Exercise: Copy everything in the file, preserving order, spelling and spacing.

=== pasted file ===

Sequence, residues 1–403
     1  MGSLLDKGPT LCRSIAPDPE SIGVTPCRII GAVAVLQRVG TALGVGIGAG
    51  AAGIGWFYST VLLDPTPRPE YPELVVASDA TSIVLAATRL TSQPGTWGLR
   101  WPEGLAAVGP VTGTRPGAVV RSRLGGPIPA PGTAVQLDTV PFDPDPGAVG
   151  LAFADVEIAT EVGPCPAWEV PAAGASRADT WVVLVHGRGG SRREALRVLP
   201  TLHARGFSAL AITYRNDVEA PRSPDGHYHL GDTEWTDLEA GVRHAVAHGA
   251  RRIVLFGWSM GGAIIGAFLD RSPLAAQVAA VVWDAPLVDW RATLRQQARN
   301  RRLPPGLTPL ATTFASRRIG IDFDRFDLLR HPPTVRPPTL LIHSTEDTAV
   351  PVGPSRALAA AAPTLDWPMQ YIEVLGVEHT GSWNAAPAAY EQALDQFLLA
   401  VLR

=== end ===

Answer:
Sequence, residues 1–403
     1  MGSLLDKGPT LCRSIAPDPE SIGVTPCRII GAVAVLQRVG TALGVGIGAG
    51  AAGIGWFYST VLLDPTPRPE YPELVVASDA TSIVLAATRL TSQPGTWGLR
   101  WPEGLAAVGP VTGTRPGAVV RSRLGGPIPA PGTAVQLDTV PFDPDPGAVG
   151  LAFADVEIAT EVGPCPAWEV PAAGASRADT WVVLVHGRGG SRREALRVLP
   201  TLHARGFSAL AITYRNDVEA PRSPDGHYHL GDTEWTDLEA GVRHAVAHGA
   251  RRIVLFGWSM GGAIIGAFLD RSPLAAQVAA VVWDAPLVDW RATLRQQARN
   301  RRLPPGLTPL ATTFASRRIG IDFDRFDLLR HPPTVRPPTL LIHSTEDTAV
   351  PVGPSRALAA AAPTLDWPMQ YIEVLGVEHT GSWNAAPAAY EQALDQFLLA
   401  VLR